India left with no bidder for part of 2G airwaves auction

NEW DELHI Mon Nov 5, 2012 9:42pm IST

1 of 2. A Master of Business Administration (MBA) student talks on a phone as he stands outside a classroom during a break at the Management Development Institute (MDI) in Gurgaon, on the outskirts of New Delhi May 2, 2012.

Credit: Reuters/Adnan Abidi/Files

Related Topics

Stocks

   

NEW DELHI (Reuters) - India has been left with no bidders for part of an upcoming cellphone airwaves auction after Tata Teleservices became the second company to drop out of the process.

India's sixth-biggest mobile phone carrier by customers pulled out on Monday after smaller rival Videocon Telecommunications dropped its interest earlier in the CDMA-based (Code Division Multiple Access) mobile phone services.

The telecoms ministry had planned to hold two separate auctions for airwaves used by GSM and CDMA-based mobile phone carriers hoping to reap a combined 400 billion rupees to plug a high fiscal deficit.

"Now there is no bidder left for CDMA. We will have to take a call on what to do," said a senior government official, who declined to be named, as the information is not yet public.

The official confirmed that Tata Tele and Videocon had withdrawn their applications to bid for CDMA airwaves.

A high auction starting price has deterred bidders, according to analysts.

The auction for GSM airwaves is scheduled to start from November 12 and was to be followed by the CDMA airwaves auction.

The auctions were organised after the Supreme Court ordered all cellular permits to be revoked after a flawed state sale in 2008.

Tata Tele is set to lose its operating permits in three of India's 22 telecoms zones and was looking to buy back airwaves in those zones.

A source with direct knowledge said the company did not see "a strong business case" in buying back airwaves in those zones.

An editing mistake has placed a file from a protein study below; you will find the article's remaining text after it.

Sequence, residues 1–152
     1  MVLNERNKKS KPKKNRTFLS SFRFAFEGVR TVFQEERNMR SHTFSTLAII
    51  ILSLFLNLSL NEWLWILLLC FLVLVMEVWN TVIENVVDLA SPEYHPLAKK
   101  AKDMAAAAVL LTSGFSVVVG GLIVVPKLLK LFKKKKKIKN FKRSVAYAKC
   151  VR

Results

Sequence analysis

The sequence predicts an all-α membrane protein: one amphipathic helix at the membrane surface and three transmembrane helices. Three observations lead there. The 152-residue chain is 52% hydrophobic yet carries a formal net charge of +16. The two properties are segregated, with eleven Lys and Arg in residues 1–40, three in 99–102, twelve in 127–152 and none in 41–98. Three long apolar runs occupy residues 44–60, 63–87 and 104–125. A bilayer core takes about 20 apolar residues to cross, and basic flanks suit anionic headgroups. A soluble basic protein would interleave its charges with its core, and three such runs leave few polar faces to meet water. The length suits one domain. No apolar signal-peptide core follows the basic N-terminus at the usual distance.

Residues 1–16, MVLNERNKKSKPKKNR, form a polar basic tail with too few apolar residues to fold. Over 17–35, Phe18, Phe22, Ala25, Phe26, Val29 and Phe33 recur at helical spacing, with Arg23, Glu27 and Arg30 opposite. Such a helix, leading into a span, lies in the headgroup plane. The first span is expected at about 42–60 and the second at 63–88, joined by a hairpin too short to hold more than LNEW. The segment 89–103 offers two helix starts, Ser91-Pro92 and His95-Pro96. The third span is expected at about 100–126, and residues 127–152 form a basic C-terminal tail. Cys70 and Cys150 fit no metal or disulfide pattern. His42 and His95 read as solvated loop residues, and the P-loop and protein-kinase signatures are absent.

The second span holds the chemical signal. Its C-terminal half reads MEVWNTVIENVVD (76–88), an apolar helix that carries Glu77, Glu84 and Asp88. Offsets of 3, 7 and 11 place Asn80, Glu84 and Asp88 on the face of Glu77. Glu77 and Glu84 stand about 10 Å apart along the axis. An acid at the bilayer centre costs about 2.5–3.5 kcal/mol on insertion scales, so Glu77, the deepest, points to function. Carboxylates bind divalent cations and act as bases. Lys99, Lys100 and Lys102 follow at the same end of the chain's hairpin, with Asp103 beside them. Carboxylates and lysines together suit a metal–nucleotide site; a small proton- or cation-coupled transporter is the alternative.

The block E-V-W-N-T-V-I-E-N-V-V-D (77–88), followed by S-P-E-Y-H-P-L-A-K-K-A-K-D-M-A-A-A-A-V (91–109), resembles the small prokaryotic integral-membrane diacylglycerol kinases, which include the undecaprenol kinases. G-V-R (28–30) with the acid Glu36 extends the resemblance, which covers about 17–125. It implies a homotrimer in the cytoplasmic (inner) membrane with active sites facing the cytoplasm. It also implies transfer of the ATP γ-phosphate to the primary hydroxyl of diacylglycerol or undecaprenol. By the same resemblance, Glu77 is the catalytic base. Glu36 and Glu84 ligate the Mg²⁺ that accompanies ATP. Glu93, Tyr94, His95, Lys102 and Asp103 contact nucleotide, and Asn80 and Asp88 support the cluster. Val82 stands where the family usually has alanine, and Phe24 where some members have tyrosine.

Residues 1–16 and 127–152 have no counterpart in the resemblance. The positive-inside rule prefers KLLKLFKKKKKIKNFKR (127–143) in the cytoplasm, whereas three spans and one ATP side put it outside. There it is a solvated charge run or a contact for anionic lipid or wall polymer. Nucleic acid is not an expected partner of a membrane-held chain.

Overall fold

Videocon Telecommunications Ltd had applied to bid for both GSM and CDMA airwaves. The company remains in the race for GSM airwaves after withdrawing from CDMA airwave bidding, the government official quoted earlier said.

Norwegian telecoms group Telenor (TEL.OL) and India's Idea Cellular (IDEA.NS), which were affected by the court order, have applied to bid for GSM airwaves in the auction.

Indian mobile market leaders Bharti Airtel (BRTI.NS) and Vodafone's (VOD.L) local unit were not affected by the court's decision but are bidding in the auction to buy extra airwaves.

The government has set a base price of 140 billion rupees for 5 mega hertz of GSM airwaves in all the 22 zones -- more than seven times what companies paid in the 2008 grant process. The base price of CDMA airwaves had been set 1.3 times the GSM airwaves.

(Editing by Mike Nesbit)

FILED UNDER:
Comments (0)
This discussion is now closed. We welcome comments on our articles for a limited period after their publication.

  • Most Popular
  • Most Shared

Kerry in India

REUTERS SHOWCASE

Deadly Landslide

Deadly Landslide

Landslide near Pune kills 10, scores feared trapped.  Full Article 

Fed Policy

Fed Policy

Fed presses forward with bond buying, cites uptick in inflation.  Full Article 

Big Infra Deal

Big Infra Deal

Piramal, Dutch APG tie up for $1 bln infra investment  Full Article 

E-Commerce

E-Commerce

Amazon says to invest $2 billion more in India   Full Article 

Lupin Results

Lupin Results

Q1 net profit up 56 percent on higher U.S. drug sales   Full Article 

Smuggling Gold

Smuggling Gold

Air India staff found smuggling gold  Full Article 

Economy Reboots

Economy Reboots

U.S. economy back on track with strong second-quarter rebound .  Full Article 

Auto Sector

Auto Sector

VW closes in on Toyota as global auto leader  Full Article 

Expanding Reach

Expanding Reach

Tata to invest $35 bln over 3 years, focus on new businesses   Full Article 

Reuters India Mobile

Reuters India Mobile

Get the latest news on the go. Visit Reuters India on your mobile device.  Full Coverage